The Buffalo Sabres knew they had to overcome the loss of two stars players, but nobody told them about the third.
It used to be hard to see Maxim Afinogenov; his blinding speed often made it appear he was powered by rocket fuel while opposing defensemen were running on fumes.
But this year, the 28-year-old Russian has been just plain invisible.
At the season’s quarter pole, Afinogenov is a team-worst minus-9.
I’m sure coach Lindy Ruff would happily put up with some defensive deficiencies if it meant Afinogenov was buzzing around the offensive zone the way he has since the NHL’s crackdown on obstruction. However, the guy who put up 134 points in 133 games over the first two post-lockout seasons has a measly three goals and six points through 19 games.
He’s on pace for a 26-point, minus-39 campaign.
With the exception of alphabetically, the guy who was supposed to lead Buffalo’s offense in the absence of Daniel Briere and Chris Drury is at or near the back of the class in every category.
Entering Friday night’s game versus Montreal, 11 Sabres have more points than Afinogenov. Nine have more goals.
Truly numbing numbers.
And they’re made even more shocking when you consider Afinogenov is far from the only forward in Buffalo who’s struggling. Even Thomas Vanek, who’s set to make about $500,000 per goal this year, has more than doubled Afinogenov’s point total.
Last year, Afinogenov graced the cover of The Hockey News accompanied by the headline ‘Buffalo to the Max.’ That story was about how he and the hard-charging Sabres were tearing through the league.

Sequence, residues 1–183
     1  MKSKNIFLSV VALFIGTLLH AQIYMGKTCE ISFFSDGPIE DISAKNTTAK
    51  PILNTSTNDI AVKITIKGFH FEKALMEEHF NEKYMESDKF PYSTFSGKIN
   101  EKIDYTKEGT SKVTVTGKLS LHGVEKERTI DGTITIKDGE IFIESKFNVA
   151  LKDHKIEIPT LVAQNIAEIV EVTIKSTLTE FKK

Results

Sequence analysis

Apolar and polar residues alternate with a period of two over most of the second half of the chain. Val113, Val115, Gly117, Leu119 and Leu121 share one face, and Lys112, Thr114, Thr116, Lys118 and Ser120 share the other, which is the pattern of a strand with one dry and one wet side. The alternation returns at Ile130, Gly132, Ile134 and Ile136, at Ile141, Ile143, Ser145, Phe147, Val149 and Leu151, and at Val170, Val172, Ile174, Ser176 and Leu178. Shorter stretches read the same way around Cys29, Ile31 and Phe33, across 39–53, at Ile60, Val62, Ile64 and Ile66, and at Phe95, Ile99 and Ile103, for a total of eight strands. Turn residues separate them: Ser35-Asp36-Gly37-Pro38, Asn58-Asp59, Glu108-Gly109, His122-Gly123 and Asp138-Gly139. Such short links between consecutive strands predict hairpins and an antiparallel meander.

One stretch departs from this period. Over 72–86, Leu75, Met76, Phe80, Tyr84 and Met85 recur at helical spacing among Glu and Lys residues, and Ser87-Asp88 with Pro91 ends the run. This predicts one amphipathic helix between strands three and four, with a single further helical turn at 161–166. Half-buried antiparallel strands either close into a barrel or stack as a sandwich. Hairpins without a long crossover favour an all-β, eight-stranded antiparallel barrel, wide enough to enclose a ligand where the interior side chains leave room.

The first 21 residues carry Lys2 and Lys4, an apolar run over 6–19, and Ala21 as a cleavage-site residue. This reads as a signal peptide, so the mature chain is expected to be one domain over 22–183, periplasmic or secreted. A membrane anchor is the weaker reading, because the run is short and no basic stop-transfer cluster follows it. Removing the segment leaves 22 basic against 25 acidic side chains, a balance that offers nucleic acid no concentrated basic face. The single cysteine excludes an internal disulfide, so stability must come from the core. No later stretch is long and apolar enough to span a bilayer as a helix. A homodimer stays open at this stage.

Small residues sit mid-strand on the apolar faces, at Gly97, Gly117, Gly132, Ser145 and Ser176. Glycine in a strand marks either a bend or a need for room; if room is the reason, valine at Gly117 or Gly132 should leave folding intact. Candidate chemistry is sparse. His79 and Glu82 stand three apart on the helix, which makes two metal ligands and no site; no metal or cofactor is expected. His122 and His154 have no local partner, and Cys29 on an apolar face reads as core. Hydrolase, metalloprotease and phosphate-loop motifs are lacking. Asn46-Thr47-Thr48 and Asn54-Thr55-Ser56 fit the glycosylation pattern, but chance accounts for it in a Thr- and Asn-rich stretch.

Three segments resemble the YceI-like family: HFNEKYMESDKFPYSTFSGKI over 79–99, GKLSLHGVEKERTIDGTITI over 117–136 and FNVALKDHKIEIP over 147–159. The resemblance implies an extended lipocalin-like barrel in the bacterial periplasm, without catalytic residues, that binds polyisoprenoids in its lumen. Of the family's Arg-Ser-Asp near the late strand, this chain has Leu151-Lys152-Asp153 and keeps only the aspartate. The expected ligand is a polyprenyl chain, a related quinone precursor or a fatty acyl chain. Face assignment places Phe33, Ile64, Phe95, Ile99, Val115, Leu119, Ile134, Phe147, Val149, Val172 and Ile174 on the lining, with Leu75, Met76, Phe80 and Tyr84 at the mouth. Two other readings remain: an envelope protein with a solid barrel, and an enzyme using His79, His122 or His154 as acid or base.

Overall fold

This year, the story would be about Afinogenov pushing Buffalo fans to the brink of insanity. It takes a lot to disappoint a crew jaded by wide-right field goals and foot-in-crease Cup winners, but Afinogenov is turning the trick.
Granted, consistency has never been his thing, but there’s no definitive explanation for a drop this severe.
In the aftermath of rule changes tailored perfectly for his game, it seemed Afinogenov’s place among the league’s elite scorers was assured. Clutch-and-grab hockey choked his creativity, as Afinogenov averaged just 0.46 points per game prior to the lockout.
That seemed like a dead issue the past couple of years, but all of a sudden the ‘explosive’ label Afinogenov carried in recent times has been replaced by one Sabres fans hoped was buried forever; ‘enigmatic.’ Any less production and it’s going to seem like the guy evaporated.
So what happened?
A guy who’s been mentioned in the same breath as Pavel Bure in terms of pure foot-speed surely has what it takes to fight through the tougher checking he faces in the absence of Briere and Drury.
You can’t even argue he’s crumbling under the pressure of being the lone dust bunny in a talent vacuum because the likes of Vanek, Jason Pominville and Derek Roy are also counted on to create goals.
Then again, Afinogenov hasn’t exactly shone when the heat gets turned up a few degrees.
Even in the post-lockout era, where the referees actually continue calling penalties in the playoffs, Afinogenov has failed to maintain his regular season scoring pace during the spring.
Through Buffalo’s consecutive runs to the conference final, he’s managed 17 points in 33 games. That’s a lot closer to his old hockey world totals than the point-a-game player he’s been the last two seasons.
Ruff was so displeased with Afinogenov’s play last spring, he actually scratched him for Game 4 of the Sabres’ second round series versus the Rangers.
Afinogenov returned to score the overtime winner in Game 5. How Buffalo and its fans would dearly love to see a resurrection that dramatic from their speedster.
Top Shelf appears every second Friday only on thehockeynews.com.
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